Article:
Americans turning deaf ears to blatant media bias

AP President Jeff Mason told the Washington Post, “We are not fake news. We are not failing news organizations. And we are not the enemy of the American people.”

Hasan Minhaj hosts the 2017 White House Correspondents Dinner.

WASHINGTON, May 1, 2017 – The last time a sitting president missed the White House Correspondents Dinner, he was in a hospital bed recovering from a gunshot wound. Saturday evening, President Donald Trump decided to follow in Ronald Reagan’s footsteps and dodge the self-congratulatory annual soiree as if dodging a bullet.

President Trump attends rally in Harrisburg, Pennsylvania.

Having ducked Washington’s fake news confab, Trump instead traveled to Harrisburg, Pennsylvania, to attend a rally celebrating his 100 days in office.

“As you may know, there’s another big gathering taking place tonight in Washington, D.C.,” the president told the crowd of supporters. “A large group of Hollywood actors and Washington media are consoling each other in a hotel ballroom in our nation’s capital right now. They are gathered together for the White House Correspondents Dinner without the president. And I could not possibly be more thrilled than to be more than 100 miles away from Washington’s swamp, spending my evening with all of you, and with a much, much larger crowd, and much better people, right?”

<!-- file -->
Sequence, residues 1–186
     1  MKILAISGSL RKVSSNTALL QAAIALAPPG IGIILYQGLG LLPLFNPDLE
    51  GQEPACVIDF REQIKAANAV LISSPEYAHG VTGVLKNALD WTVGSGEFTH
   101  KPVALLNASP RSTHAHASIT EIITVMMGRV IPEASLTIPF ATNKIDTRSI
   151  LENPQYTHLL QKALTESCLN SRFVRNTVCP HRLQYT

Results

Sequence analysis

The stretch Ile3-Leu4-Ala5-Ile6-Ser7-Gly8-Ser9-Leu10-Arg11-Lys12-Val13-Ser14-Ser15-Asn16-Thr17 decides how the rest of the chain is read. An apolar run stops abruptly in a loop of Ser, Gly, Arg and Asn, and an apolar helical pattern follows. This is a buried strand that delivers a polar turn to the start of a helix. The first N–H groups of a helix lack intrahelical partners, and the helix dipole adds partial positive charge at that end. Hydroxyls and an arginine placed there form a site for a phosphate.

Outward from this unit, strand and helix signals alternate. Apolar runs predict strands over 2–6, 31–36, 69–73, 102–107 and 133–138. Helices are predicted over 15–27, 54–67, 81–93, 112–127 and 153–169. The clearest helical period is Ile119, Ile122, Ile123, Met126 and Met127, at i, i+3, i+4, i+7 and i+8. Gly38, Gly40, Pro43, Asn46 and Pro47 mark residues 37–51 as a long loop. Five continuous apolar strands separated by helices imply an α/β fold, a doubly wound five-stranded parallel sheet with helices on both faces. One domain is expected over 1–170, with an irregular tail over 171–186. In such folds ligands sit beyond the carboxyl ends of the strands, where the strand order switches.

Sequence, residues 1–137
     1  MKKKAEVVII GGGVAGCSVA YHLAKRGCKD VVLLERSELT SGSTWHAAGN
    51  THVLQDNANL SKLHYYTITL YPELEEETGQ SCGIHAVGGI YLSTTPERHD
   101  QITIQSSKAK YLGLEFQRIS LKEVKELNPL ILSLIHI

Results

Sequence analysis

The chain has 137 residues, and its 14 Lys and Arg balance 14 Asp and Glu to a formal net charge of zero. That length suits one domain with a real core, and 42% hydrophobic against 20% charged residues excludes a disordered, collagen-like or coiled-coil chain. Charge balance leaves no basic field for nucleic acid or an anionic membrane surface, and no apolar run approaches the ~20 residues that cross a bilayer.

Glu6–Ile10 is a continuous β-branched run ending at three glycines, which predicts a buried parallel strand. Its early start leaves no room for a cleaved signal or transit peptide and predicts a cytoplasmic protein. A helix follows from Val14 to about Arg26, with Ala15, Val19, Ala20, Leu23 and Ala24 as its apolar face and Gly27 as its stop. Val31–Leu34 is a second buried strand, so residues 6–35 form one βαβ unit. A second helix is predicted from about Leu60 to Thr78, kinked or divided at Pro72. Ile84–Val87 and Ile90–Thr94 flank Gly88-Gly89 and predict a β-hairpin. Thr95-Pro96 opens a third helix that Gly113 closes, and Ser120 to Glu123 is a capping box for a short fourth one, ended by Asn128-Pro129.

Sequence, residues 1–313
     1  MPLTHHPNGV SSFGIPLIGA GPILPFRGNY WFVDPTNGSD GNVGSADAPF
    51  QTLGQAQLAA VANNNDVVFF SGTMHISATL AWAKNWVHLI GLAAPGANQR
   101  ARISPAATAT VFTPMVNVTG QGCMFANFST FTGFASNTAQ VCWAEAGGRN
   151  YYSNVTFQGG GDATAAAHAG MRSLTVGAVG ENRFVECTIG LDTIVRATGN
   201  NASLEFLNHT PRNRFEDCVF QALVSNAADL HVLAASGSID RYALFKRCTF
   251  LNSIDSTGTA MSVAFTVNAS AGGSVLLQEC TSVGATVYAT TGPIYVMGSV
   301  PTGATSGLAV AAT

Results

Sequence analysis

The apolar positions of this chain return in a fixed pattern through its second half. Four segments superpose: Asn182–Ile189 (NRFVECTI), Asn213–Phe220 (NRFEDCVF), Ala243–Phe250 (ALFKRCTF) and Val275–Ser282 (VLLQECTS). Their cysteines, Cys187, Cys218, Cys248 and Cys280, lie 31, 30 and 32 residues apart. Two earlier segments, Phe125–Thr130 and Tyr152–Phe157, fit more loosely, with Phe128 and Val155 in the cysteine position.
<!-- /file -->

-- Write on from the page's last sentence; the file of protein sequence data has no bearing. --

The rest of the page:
The crowd cheered and then chanted, “USA! USA! USA!”

“Media outlets like CNN and MSNBC are fake news… fake news,” Trump added.

CNN fake news.

Back in D.C., the correspondent’s dinner was a somber affair, with attendance down from years past. A good portion of the brave Hollywood contingent of the left’s anti-Trump “resistance” did not come, refusing to don their designer gowns and gleaming jewels in a show of solidarity with the common peasants they portray on film.

You know? Like the ones who put Trump in the White House.

Thus abandoned, the media was left to fend for itself. Associated Press President Jeff Mason told the Washington Post, “We are not fake news. We are not failing news organizations. And we are not the enemy of the American people.”

Master of ceremonies and Daily Show host Hasan Minhaj told the gathering that the president was “not beyond the reach of the First Amendment” and that the “man who tweets everything that enters his head refuses to acknowledge the amendment that allows him to do it.”

Last September, the Gallup organization found a mere 32 percent of Americans “have a great deal or fair amount of trust in the media. This is down eight percentage points from last year.”

Media bias was clearly on display during the eight long years of the Obama administration, and it continued throughout Hillary Clinton’s 2016 presidential campaign. Today, it remains a comical, over-the-top drumbeat, as exemplified in its “Manchurian Candidate” conspiracy-theory coverage regarding Trump’s so-called silent coup on behalf of his so-called Russian handlers.

The take-away: Media bias comes at a price.

Slanted reporting is undoubtedly protected by the First Amendment. But that amendment does not require distrustful and disgusted Americans to listen.

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